NARSOL In Action
Wednesday, August 2nd
6:00 to 7:30 p.m. E.D.T.
You are invited to hear about a great victory announced by the Pennsylvania Supreme Court in the case of Commonwealth v Muniz. See full opinion here. You may also read NARSOL’s analysis of the decision here.
The Court declared that SORNA’s registration provisions constitute punishment under Article 1, Section 17 of the Pennsylvania Constitution — Pennsylvania’s Ex Post Facto Clause. The Court held:
- SORNA’s registration provisions constitute punishment notwithstanding the General Assembly’s identification of the provisions as nonpunitive;
- retroactive application of SORNA’s registration provisions violates the federal ex post facto clause; and
- retroactive application of SORNA’s registration provisions also violates the ex post facto clause of the Pennsylvania Constitution.
Our special guest will be Aaron Marcus. Mr. Marcus is an attorney with the Defender Association of Philadelphia. He is currently assigned to the appellate division, and has tried numerous bench and jury trials since joining the Defender Association in 2006. He also is an Adjunct Professor of Law at Widener Law School teaching criminal procedure. He received his J.D., cum laude, from the University of Minnesota in 2004 where he was Editor-in-Chief of Volume XXII of the Journal of Law & Inequality and his B.A. from Hampshire College in Amherst, Massachusetts in 2001.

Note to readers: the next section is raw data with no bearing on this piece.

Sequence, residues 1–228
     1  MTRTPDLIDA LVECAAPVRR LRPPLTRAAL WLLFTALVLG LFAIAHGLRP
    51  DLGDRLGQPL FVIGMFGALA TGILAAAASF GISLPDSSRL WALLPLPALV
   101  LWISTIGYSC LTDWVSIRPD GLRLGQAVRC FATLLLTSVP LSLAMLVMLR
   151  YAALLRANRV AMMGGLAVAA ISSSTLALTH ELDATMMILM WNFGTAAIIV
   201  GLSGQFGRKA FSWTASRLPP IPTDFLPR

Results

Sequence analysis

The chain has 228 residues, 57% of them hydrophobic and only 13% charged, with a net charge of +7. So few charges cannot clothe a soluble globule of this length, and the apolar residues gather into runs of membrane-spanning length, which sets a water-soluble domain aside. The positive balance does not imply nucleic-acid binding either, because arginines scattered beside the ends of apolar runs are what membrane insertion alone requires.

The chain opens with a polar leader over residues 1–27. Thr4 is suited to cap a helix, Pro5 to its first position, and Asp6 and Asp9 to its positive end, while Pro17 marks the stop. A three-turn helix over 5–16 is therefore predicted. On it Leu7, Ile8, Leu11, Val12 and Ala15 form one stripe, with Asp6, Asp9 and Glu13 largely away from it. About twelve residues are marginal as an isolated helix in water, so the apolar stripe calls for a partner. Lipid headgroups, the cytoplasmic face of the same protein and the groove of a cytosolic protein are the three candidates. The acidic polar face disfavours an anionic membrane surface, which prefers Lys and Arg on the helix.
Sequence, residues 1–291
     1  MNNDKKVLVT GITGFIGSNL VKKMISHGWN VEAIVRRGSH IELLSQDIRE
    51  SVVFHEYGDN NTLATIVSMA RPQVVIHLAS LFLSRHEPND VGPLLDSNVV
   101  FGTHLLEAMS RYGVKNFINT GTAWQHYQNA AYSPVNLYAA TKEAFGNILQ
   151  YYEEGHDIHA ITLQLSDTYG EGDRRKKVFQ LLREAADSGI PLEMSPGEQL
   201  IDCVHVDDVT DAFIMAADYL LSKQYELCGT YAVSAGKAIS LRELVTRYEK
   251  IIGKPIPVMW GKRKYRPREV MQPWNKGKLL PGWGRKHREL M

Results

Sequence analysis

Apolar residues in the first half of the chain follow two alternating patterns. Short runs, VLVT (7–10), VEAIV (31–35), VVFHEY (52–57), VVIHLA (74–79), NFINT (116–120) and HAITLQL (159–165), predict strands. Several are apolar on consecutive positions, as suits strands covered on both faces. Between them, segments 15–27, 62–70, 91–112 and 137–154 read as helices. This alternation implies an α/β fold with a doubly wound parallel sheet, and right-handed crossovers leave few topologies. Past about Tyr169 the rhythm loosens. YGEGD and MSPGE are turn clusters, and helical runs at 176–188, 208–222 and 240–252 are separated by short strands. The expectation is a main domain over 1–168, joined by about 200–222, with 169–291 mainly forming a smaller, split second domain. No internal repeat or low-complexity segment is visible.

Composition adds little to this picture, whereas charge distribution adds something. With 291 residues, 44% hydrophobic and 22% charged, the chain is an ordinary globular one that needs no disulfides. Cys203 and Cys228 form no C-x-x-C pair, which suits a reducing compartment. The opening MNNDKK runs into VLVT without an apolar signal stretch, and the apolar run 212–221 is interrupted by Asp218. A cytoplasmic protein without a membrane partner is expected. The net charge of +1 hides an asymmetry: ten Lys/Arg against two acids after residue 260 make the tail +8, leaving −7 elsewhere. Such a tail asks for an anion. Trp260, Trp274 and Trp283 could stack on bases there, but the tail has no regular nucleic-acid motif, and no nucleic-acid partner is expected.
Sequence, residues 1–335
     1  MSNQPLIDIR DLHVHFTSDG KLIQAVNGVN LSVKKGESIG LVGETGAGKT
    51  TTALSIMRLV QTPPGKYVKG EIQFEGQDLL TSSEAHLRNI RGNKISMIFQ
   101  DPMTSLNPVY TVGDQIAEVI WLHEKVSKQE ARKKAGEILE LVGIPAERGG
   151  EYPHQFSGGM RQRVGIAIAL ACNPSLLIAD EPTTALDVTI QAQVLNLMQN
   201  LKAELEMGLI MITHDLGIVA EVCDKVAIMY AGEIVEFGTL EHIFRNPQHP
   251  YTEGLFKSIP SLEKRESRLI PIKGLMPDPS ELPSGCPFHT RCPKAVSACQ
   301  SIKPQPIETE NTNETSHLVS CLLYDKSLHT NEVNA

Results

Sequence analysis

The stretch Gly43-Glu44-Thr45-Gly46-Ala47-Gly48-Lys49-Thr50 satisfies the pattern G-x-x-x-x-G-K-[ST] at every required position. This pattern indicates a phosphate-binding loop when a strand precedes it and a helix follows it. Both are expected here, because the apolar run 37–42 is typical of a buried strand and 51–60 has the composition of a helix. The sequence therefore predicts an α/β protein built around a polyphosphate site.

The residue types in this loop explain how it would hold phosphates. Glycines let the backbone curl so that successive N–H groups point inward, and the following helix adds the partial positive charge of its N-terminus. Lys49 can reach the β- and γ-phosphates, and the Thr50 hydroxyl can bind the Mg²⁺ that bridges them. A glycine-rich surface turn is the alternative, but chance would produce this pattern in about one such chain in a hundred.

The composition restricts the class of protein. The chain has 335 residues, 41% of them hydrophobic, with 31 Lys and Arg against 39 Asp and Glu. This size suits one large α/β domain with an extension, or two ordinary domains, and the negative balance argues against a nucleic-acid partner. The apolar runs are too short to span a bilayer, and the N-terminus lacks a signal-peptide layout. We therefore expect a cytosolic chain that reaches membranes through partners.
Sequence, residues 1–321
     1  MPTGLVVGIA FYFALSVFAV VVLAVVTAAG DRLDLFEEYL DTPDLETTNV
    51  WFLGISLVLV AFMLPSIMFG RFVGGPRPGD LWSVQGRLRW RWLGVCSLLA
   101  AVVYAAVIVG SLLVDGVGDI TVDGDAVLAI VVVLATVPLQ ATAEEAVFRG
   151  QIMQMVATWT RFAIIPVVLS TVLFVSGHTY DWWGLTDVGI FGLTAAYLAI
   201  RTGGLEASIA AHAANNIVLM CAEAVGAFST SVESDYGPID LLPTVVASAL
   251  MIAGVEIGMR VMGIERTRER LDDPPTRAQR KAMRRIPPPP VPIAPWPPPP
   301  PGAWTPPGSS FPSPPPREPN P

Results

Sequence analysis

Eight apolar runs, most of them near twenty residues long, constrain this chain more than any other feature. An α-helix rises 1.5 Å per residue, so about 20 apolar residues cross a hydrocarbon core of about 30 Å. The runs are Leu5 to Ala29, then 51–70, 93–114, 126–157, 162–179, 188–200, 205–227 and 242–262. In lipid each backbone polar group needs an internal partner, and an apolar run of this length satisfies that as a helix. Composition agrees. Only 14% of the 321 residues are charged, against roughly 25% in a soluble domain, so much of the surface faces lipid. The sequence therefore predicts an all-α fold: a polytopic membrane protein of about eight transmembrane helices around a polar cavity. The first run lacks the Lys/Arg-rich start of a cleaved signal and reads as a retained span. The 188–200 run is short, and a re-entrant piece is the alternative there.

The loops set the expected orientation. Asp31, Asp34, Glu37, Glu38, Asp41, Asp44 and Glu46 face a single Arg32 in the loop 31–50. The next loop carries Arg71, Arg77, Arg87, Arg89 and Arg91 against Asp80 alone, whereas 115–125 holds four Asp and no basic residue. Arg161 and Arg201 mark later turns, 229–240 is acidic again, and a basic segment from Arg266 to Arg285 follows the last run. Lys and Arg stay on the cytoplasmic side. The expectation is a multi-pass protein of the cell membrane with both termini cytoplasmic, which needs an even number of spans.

Before joining the Defender Association, Mr. Marcus served as a staff attorney for the United States Court of Appeals for the Third Circuit. He has written and published on issues of drug policy, policing, and federalism. His articles have appeared in the William Mitchell Law Review, the Kansas Journal of Law & Public Policy and the Whittier Journal of Child & Family Advocacy.
He is now specializing, writing and lecturing in the area of sex offender registration, law, and policy.
Registration is free; please sign up so we will know how many to expect. The number is 641.715.3660, code 957605#.
NARSOL In Action
Wednesday, June 21st
8:00 to 9:30 p.m. E.D.T.
You are invited to hear about a fantastic win in the United States Supreme Court. This month’s conference call will focus on the case of Packingham v North Carolina, which is a very important First Amendment case just decided today which we expect to have far reaching ramifications. The issue before the court was N.C. Gen. Stat. § 14-202.5, which makes it a felony for any person required to be listed on the state’s registry of former sex offenders to “access” a wide array of social networking websites. It was noted that more than 1000 have been convicted in addition to Packingham. The high court reversed the North Carolina Supreme Court’s decision and held that the total ban is too broad.
Our special guest will be attorney Glenn Gerding who spoke at our annual conference and was significant in the development of this case.
- Review of Packingham v North Carolina; and
- Comments about the NARSOL National Conference